The Light duration of a plant refers to the number of hours of light a plant receives each day while intensity is the quantity of light per unit area, usually measured in Lux or foot candles

When out in your garden check your plants for any that are looking visibly burnt and parched. Leaves will be brittle and break easily. Similar symptoms to that of underwatering.

Those symptoms show your plant has had too much sunlight. To save your plants find shade in the garden and move the plants to that location if they are in a container that gets high amounts of sunlight. Allow them to recover giving them plenty of water and low amounts of sunlight. It may be worth considering planting fast-growing trees and shrubs around the garden as a long-term solution if this is or was a continuous problem. 

Sunlight on your plants

It can be difficult to tell the difference between plants that have had too much sunlight or not enough sunlight. So regularly check your plants for Leaves that are losing their vibrant colour and turning yellow and/or mottled. Leaves that have fallen off earlier than expected or plants' growth seem stunted if you see any of these symptoms it means your plants or produce are not getting a sufficient amount of sunlight. 

To fix plants that are showing these symptoms, If in containers, move plants to a sunny location. If in raised beds you can relocate them if they are small. Those with permanent gardens installed may have to cut down trees and bushes. Or any other ways that will allow your plant to get the required amount of sunlight. This applies to fruit and veg too.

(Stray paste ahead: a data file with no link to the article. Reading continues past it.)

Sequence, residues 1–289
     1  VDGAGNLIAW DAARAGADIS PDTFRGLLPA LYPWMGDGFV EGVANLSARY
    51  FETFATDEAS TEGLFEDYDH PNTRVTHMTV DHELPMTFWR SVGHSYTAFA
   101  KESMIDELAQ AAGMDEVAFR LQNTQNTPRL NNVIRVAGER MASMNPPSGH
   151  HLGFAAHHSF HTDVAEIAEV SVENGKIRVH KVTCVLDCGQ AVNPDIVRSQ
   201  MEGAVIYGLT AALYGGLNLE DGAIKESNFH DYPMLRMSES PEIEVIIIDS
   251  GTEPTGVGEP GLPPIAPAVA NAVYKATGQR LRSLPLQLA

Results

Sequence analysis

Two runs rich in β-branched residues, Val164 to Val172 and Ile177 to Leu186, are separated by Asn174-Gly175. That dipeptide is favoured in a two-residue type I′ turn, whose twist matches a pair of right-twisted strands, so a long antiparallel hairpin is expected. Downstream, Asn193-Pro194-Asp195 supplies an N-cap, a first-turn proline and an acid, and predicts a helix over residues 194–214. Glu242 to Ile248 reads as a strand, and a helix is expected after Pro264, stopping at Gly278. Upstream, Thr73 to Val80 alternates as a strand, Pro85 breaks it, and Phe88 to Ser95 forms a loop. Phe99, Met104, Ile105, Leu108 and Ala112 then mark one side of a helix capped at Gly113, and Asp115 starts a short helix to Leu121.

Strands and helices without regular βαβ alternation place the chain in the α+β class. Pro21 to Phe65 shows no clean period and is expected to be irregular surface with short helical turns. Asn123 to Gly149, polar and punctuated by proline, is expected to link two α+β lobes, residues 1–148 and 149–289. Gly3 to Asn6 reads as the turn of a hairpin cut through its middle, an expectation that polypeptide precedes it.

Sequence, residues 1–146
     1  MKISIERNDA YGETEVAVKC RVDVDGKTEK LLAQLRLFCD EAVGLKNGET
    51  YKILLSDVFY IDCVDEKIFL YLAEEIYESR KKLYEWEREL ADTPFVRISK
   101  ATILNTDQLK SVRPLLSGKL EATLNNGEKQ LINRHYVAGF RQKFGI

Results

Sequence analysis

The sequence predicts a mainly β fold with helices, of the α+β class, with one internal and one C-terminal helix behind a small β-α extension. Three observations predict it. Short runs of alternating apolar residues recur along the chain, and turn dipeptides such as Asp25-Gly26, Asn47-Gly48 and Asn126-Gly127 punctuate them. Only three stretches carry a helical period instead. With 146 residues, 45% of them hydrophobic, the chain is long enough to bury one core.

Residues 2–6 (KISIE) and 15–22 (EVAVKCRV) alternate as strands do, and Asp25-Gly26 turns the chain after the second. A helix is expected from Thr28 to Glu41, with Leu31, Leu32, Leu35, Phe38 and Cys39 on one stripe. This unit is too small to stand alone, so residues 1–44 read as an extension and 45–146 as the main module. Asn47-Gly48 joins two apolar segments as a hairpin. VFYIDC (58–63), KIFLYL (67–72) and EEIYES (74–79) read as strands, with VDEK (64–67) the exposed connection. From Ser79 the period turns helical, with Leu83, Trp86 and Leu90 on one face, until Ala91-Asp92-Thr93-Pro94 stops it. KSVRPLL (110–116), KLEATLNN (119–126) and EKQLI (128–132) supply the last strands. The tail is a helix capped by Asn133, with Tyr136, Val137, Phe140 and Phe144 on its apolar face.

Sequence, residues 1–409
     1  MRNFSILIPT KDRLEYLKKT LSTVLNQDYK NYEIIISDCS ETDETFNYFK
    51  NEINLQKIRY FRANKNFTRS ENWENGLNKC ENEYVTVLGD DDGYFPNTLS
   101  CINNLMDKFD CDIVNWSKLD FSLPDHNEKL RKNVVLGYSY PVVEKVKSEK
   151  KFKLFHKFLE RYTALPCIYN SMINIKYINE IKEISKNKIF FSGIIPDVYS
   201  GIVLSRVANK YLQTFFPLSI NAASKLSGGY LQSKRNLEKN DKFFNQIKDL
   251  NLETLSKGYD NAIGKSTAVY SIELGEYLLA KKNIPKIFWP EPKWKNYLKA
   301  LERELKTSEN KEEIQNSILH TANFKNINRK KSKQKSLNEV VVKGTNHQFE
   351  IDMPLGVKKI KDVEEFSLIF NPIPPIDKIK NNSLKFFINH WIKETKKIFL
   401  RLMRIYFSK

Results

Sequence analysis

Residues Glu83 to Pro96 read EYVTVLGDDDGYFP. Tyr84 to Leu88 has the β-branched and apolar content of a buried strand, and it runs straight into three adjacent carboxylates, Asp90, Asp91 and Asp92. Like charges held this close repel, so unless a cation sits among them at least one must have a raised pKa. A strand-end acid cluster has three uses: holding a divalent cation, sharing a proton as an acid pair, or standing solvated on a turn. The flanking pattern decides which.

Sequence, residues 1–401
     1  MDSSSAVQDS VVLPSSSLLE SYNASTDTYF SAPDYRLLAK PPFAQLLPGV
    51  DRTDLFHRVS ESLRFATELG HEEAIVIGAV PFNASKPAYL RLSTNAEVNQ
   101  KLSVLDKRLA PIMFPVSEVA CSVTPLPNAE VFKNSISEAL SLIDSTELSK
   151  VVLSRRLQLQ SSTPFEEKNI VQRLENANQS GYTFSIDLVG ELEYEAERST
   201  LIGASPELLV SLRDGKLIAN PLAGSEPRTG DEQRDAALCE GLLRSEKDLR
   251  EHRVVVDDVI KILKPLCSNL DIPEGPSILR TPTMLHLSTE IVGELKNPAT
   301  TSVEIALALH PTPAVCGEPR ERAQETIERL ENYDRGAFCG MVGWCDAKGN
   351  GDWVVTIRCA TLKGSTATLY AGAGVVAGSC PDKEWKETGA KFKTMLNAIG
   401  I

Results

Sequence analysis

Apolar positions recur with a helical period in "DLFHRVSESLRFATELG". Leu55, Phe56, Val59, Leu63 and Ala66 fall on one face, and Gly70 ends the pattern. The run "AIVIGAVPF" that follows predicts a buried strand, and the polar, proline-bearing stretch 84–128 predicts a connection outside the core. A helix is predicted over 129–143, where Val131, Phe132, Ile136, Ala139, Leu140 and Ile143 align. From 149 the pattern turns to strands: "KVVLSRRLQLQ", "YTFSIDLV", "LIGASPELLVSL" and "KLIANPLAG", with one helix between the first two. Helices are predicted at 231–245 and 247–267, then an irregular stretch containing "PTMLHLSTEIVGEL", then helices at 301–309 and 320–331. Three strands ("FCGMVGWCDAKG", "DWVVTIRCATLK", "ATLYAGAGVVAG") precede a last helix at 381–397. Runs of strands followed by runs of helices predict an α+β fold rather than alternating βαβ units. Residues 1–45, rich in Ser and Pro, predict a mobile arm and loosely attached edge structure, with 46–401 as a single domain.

If you find you are having trouble with your garden, consider whether you’re making one of the mistakes we have mentioned so far. It is always a good idea to consult with your local gardening centre or any green thumbs you know if you are having a problem with your garden.

Weeding your garden

It’s important to gain control of your weeds early preferably in early spring before they become much larger and begin taking over your garden.  Weeding isn't fun and not many gardeners enjoy it. But unfortunately, weeds are a persistent issue in the garden, and like most plants, they thrive in the summer light and rain. 

Wedding your garden

There are hundreds of solutions online for the best ways to remove weeds but really it can be quite simple if you target the locations early on. The longer you leave your weeds the harder it becomes to get rid of them. It’s important to target your weeds down at the roots as this stops them from growing back. If you just take the top off the soil in a matter of days weeds will begin to grow back. So these are 4 easy steps to stop weeds from growing back anywhere in your garden.